Weather & Natural Disasters

Structures and building systems may be damaged due to a variety of natural phenomena, ranging from snow and hail, to wind, tornadoes and hurricanes, to earthquake damage.  When damage occurs, Western Engineering & Research Corporation (WERC) professionals are available to investigate.  We provide damage assessment, repair design, and evaluation for subrogation efforts.  Our staff of engineers and architects will not only analyze the damage and determine if the cause is weather or hazard related, but also conclude if the severity of the damage matches the weather patterns of the area, and if the damage is related to the recent storm or if the damage was preexisting.

  • Hail:  Hail occurs most often with in continental interiors and along mountain ranges where fierce winds are forced upwards, intensifying the updraft cycle that forms hail.  Frequently, hail damage is dismissed as aesthetic or functional damage, however, hail can cause considerable damage to a building.  Wood shingles can split and crack from hail impacts, while clay shingles can be shattered. The impact of a hail stone on asphalt shingles can cause the granules of asphalt to detach, exposing the asphalt mat underneath to UV degradation.  Over time, the exposed asphalt will become brittle and can lead to the failure of the entire roof system.  Roof failures related to hail can vary dramatically depending on the size and trajectory of the hail stones, the slope of the roof and the type of roof system installed.  When the professionals at WERC are called in to inspect a property for storm damage relating to hail, we assess all elements of the property, not just the roof.  Wood decks, building materials, fences, light-gauge metals on mechanical vents and gutters, windows and doors, and the exterior facade of the residence are all susceptible to impact marks.  Our professionals use various weather services to detect, track, and analyze past storm patterns to truly understand how the suspected damaged occurred.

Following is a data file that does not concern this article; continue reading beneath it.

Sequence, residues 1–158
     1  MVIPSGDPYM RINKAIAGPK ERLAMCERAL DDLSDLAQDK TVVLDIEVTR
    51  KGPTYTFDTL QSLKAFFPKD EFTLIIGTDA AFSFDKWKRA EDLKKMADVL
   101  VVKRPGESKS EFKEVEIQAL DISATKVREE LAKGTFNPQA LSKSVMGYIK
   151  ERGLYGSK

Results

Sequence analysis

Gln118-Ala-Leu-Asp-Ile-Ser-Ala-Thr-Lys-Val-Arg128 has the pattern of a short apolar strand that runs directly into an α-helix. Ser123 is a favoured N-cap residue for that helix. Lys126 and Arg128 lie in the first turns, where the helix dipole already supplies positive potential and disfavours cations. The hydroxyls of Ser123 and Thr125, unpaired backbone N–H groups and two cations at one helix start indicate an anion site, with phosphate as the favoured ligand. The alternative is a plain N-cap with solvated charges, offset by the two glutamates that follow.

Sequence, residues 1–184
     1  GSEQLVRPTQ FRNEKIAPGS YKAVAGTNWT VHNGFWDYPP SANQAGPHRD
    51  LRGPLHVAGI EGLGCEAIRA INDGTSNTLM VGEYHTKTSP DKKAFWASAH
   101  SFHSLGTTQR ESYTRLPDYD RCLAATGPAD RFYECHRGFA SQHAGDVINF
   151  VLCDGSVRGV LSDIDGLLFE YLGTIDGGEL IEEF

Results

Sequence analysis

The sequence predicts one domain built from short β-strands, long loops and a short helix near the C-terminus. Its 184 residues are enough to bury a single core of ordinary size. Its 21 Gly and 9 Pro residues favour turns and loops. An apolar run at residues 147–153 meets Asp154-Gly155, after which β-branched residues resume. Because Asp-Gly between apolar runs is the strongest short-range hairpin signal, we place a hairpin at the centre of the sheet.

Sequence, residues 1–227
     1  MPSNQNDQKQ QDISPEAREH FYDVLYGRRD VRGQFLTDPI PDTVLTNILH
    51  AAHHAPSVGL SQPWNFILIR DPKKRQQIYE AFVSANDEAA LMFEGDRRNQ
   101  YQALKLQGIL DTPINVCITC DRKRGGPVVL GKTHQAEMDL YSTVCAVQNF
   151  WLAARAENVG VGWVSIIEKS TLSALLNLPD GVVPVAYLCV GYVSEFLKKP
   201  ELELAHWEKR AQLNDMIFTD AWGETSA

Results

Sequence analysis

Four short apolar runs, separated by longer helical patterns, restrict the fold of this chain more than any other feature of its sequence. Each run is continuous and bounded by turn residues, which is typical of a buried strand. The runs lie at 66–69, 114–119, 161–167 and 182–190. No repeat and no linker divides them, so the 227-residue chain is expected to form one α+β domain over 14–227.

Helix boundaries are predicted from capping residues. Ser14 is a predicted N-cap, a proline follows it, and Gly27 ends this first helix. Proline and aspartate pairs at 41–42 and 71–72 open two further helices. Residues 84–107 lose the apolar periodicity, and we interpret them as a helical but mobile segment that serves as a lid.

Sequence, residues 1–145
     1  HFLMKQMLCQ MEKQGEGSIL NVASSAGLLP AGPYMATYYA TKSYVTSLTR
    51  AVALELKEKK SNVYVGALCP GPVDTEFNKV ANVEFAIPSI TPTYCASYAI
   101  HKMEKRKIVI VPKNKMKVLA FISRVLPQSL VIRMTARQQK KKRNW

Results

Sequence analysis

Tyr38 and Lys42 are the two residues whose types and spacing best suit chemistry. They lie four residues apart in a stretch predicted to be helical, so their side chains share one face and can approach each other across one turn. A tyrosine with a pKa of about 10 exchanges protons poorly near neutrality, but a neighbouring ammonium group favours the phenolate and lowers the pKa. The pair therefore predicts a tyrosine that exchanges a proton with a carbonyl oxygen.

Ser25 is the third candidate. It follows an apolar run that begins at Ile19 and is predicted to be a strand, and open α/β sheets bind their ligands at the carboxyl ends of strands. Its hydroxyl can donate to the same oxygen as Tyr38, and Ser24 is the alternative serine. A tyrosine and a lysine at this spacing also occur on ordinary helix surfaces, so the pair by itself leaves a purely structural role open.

WERC offers hail damage roof inspections on a fixed-fee basis. 

      Download our brochure for more details.

  • Lightning: One single bolt of lightning can carry between 35-40 amps of power and can reach temperatures of 50,000+°F. Is it any wonder that in 2012 lightning strikes injured at least 2,651 individuals, and took 531 lives? That same year, lightning strikes caused more than $32 million in property damage. While the lightning strike itself does cause direct damage, it is the byproduct of the strike, fires and power surges, which ravage personal, corporate and industrial property. Electronic equipment and electrical facilities are particularly susceptible to power surges, though the destructiveness of the power surge depends on the how far the property is from the lightning strike and how much power is being carried through the lightning at the time. Whether you have a property damage claim or a human or animal fatality, the professionals at WERC can arrive at a lightning strike site immediately to begin the investigative process.

(Lightning statistics provided by the National Weather Service,

  • Snow & Ice Overload: The density of snow is approximately 20 pounds per cubic foot. Many design codes require buildings to withstand a minimum snow load of 25 psf , which equates to 15 inches of snow accumulation. Yet under the accumulated weight of winter snow and ice roofs can leak, sink and in some cases can overload and collapse the entire structure. Our architectural and engineering professionals can evaluate roofing problems, condensation issues, building insulation, mechanical systems, and other building systems relative to moisture problems. Heavy snow accumulation in mountainous areas can be particularly challenging, especially if the design or construction failed to adequately anticipate the local conditions. Periodically, heavy snowfall occurs throughout the US, sometimes causing structural failures. WERC Professionals are experienced with the investigation of collapsed structures, and we provide rapid response to a scene to inspect and document the conditions, such as snow weight.